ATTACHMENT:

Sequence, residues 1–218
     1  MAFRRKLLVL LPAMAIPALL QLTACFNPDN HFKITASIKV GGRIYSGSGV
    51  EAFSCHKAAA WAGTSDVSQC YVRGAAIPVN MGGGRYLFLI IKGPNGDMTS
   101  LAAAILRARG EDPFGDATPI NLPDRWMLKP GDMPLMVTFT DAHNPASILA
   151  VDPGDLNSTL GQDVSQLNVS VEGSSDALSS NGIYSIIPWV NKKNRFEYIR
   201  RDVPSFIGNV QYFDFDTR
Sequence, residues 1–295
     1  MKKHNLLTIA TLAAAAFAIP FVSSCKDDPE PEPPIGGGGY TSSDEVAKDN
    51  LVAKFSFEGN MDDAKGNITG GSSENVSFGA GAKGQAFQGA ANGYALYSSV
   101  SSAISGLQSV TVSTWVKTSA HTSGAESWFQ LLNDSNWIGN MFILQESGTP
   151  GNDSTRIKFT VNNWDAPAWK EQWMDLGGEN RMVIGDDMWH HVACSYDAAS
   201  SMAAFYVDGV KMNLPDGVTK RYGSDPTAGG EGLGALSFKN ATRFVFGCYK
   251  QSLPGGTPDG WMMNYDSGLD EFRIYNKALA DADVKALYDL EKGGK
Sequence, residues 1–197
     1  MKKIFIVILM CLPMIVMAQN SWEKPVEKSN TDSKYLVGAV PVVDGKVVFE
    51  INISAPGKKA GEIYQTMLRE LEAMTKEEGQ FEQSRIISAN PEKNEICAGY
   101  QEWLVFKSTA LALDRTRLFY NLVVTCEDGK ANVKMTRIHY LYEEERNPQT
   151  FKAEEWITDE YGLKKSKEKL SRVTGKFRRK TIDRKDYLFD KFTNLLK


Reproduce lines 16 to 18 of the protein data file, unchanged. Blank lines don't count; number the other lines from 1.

    51  INISAPGKKA GEIYQTMLRE LEAMTKEEGQ FEQSRIISAN PEKNEICAGY
   101  QEWLVFKSTA LALDRTRLFY NLVVTCEDGK ANVKMTRIHY LYEEERNPQT
   151  FKAEEWITDE YGLKKSKEKL SRVTGKFRRK TIDRKDYLFD KFTNLLK